Publications

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2018
Mateus, O., Pereira B., Rocha R., & Kullberg J. C. (2018).  Aspiring Geopark Oeste in Portugal: scientific highlights and importance. 8th International Conference on UNESCO Global Geoparks. , 8-14 Sept., Adamello Brenta Geopark, Trentinomateus_et_al_2018_geopark_oeste.pdf
Agnolin, F. L., Mateus O., Milàn J., Marzola M., Wings O., Adolfssen J. S., & Clemmensen L. B. (2018).  Ceratodus tunuensis, sp. nov., a new lungfish (Sarcopterygii, Dipnoi) from the Upper Triassic of central East Greenland. Journal of Vertebrate PaleontologyJournal of Vertebrate Paleontology. e1439834., 2018: Taylor & Francis Abstractagnolin_et_al_2018_ceratodus_tunuensis_greenland.pdfWebsite

ABSTRACTThe fossil record of post-Paleozoic lungfishes in Greenland is currently restricted to a few brief reports of isolated and undetermined tooth plates coming from the uppermost Fleming Fjord Formation (late Norian) in Jameson Land, central East Greenland. Here, we describe Ceratodus tunuensis, sp. nov., a new dipnoan from a thin bed of calcareous lake mudstone from the ?rsted Dal Member of the Fleming Fjord Formation. The Ceratodus fossil record indicates that during the Late Triassic, this genus was restricted to the middle latitudes of the Northern Hemisphere. This record matches previous paleobiogeographical analyses and indicates that terrestrial biota during the Late Triassic was strongly influenced by paleolatitude.Citation for this article: Agnolin, F. L., O. Mateus, J. Milàn, M. Marzola, O. Wings, J. Schulz Adolfssen, and L. B. Clemmensen. 2018. Ceratodus tunuensis, sp. nov., a new lungfish (Sarcopterygii, Dipnoi) from the Upper Triassic of central East Greenland. Journal of Vertebrate Paleontology. DOI: 10.1080/02724634.2018.1439834.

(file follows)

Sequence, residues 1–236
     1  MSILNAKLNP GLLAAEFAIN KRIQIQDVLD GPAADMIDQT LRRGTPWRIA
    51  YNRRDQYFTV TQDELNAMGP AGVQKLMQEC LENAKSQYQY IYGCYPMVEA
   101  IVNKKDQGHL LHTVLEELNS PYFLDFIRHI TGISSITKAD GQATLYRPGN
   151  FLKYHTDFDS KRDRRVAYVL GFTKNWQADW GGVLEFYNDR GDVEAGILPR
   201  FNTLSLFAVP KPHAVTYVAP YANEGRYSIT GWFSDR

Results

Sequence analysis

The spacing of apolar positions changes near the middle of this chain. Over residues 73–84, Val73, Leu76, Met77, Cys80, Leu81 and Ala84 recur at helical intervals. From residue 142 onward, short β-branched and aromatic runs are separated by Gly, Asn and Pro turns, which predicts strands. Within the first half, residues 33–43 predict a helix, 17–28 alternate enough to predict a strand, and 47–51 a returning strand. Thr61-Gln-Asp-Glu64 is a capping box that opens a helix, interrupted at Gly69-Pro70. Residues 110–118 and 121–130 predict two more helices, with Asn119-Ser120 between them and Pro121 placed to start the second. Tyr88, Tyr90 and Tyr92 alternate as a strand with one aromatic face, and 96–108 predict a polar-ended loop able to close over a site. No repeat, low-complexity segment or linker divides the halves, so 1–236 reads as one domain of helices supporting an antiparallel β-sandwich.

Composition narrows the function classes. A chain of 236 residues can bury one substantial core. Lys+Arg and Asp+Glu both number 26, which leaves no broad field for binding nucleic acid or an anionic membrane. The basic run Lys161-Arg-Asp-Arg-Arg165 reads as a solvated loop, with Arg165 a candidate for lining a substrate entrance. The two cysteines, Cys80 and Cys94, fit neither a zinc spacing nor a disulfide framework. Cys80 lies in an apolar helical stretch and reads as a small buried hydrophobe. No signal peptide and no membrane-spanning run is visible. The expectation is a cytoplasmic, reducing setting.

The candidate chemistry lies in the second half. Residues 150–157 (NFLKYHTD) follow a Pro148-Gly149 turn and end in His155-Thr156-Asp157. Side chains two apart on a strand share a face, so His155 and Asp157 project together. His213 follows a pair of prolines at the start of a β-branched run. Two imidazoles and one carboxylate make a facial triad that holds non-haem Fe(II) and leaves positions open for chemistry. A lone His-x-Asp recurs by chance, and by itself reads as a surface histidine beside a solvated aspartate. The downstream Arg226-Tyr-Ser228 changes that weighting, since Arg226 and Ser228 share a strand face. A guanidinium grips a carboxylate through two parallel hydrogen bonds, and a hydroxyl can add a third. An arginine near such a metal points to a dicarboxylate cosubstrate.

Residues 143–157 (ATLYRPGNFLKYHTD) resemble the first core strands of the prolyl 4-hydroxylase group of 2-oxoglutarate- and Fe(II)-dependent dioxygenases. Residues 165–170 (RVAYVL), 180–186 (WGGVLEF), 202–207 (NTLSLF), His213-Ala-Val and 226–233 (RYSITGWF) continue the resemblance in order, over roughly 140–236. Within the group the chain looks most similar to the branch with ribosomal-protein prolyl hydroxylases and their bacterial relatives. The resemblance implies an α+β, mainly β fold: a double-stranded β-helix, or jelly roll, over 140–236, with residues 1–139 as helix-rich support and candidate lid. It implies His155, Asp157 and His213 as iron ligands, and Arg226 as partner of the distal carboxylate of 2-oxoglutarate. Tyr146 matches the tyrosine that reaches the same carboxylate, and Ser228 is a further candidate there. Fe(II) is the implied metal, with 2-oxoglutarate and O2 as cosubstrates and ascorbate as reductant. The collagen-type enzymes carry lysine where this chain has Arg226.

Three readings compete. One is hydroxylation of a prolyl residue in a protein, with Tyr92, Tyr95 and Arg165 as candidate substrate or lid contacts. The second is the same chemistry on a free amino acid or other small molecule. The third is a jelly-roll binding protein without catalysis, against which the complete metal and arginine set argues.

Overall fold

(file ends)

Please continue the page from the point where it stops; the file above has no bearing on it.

Marzola, M., Mateus O., & Moreno-Azanza(eds)M. (2018).  Abstract book of the XVI Annual Meeting of the European Association of Vertebrate Palaeontology. XVI Annual Meeting of the European Association of Vertebrate Palaeontologists. , Caparica: Faculdade de Ciências e Tecnologia da Universidade Nova de Lisboaeavp_2018_abstract_book.pdf
Costa, F., & Mateus O. (2018).  Alcovasaurus longispinus as a dacentrurine stegosaur (Dinosauria) and contributions to the diagnosis of Dacentrurinae. XVI Annual Meeting of the European Association of Vertebrate Palaeontologists. 50.: Abstract book of the XVI Annual Meeting of the European Association of Vertebrate Palaeontologists, Caparica, Portugal June 26th-July 1st, 2018. Abstractcosta__mateus_2018_eavp_abstract.pdf

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Guillaume, A. R. D., Moreno-Azanza M., Puértolas-Pascual E., & Mateus O. (2018).  Crocodylomorph teeth from the Lourinhã Formation, Portugal (Late Jurassic). XVI Annual Meeting of the European Association of Vertebrate Palaeontologists. 80., Caparica, Portugal June 26th-July 1st, 2018 Abstractguillaume_et_al_2018_eavp_abstract.pdf

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Rotatori, F. M., Moreno-Azanza M., & Mateus O. (2018).  Dryosaurid ornithopods from the Late Jurassic of Portugal: an overview. XVI Annual Meeting of the European Association of Vertebrate Palaeontologists. 166., Caparica, Portugal June 26th-July 1st, 2018: Faculdade de Ciências e Tecnologia da Universidade Nova de Lisboa Abstractrotatori_et_al_2018_eavp_abstract.pdf

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Campos, H., & Mateus O. (2018).  The first record of placodonts in Portugal and its chronological and paleoecological implications. XVI Annual Meeting of the European Association of Vertebrate Palaeontologists. 38.: Abstract book of the XVI Annual Meeting of the European Association of Vertebrate Palaeontologists, Caparica, Portugal June 26th-July 1st, 2018. Abstractcampos__mateus_2018_eavp_abstract.pdf